The Unmuted Gospel

The Unmuted Gospel

A minority pastor’s message to the majority church


By Cedrick Brown


What do I think? What do I say? What do I feel? What do I do?


As I am inundated with the horrifically painful images of more black men, like me, dying nonsensical deaths like Ahmaud Arbery and George Floyd, these questions have captured, controlled and dominated my mind, core and very being during the last few weeks—and honestly, my entire adult life. I often wonder, what would I have done if I was owned as someone else’s property? What would I have done if I could not sit at the front of a bus, eat in a certain restaurant or drink from the same water fountain as someone assigned more privilege than me—and in America of all places?


While I was never owned as a slave, told where I could or could not eat, or given a specific seat on a bus, the unfortunate fact is that I do know what I would think, say, feel and do—at least in part. I know because of my personal experiences of discrimination.


My history with racial injustice


Growing up in Compton, California, the last of eight children, was not easy, but for me, it was normal. That being said, nestled within Central Avenue and Caldwell Street, I realize my normal might have been quite abnormal for many others. Outside of the local gangs (Crips and Pirus), random shootings and drug dealing, my greatest fears were of those assigned to serve and protect me. The ones who chose to keep me—and those like me—terrified to explore the world outside my neighborhood, ever hesitant to cross the invisible lines drawn by internal fears.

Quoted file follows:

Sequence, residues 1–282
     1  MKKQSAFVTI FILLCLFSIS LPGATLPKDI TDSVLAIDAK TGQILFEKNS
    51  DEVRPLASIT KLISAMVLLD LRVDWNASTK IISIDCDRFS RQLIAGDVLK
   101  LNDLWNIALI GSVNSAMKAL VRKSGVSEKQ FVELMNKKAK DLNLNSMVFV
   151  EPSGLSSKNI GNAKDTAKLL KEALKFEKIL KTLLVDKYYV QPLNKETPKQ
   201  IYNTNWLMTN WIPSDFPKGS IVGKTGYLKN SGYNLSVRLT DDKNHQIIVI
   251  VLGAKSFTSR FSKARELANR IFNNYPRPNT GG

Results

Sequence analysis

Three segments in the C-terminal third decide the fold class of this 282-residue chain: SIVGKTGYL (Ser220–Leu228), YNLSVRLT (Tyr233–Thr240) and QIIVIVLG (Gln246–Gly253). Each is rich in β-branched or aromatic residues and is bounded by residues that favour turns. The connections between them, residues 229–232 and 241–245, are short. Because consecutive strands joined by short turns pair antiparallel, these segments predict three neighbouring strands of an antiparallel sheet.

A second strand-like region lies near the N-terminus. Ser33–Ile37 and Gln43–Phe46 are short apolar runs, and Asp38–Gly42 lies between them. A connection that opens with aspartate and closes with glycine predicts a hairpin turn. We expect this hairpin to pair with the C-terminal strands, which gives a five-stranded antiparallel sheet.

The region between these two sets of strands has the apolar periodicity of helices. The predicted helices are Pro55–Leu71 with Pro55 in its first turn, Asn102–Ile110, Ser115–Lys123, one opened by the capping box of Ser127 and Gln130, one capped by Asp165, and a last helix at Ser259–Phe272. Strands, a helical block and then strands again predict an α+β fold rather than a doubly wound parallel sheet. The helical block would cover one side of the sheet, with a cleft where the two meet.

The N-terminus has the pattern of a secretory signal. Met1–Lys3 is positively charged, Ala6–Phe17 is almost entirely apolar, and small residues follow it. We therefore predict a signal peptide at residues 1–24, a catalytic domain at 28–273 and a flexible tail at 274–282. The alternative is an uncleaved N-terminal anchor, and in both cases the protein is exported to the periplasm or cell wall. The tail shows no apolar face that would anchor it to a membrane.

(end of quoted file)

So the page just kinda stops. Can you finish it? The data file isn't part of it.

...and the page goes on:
I know how it feels to be treated with injustice simply because of the color of my skin. I’ve been unjustly profiled, pulled over and verbally degraded by the police with a gun in my face. I’ve been passed over for career advancement simply because I was created in the image of God. This is but a sample of the vulnerable realities, experienced by many like me. They have pierced me, pierced us, with wounds so deep words cannot express.


Still today, so many years later, whenever a police car is behind or beside me, I revert back to what I call “self-inspection.” I begin to search for whatever I am doing wrong—despite my innocence. Please hear me, family. There are wounds from which the transformational gospel of Jesus Christ has healed me and others, but many of our relational wounds have not been given the opportunity or safe space to be restored.


Recently in America, because of the senseless death of another black man, George Floyd, the scab of hopelessness has been removed once again. Apart from Christ’s work in me, I’d be left questioning my personal value and my value in belonging to the unified body of Christ. I, like other black men and minorities, am sick because my hope is seemingly deferred once again…but what do I say, without being misunderstood? What do I do without being biasedly judged? What can I really say and do to make a systemic difference?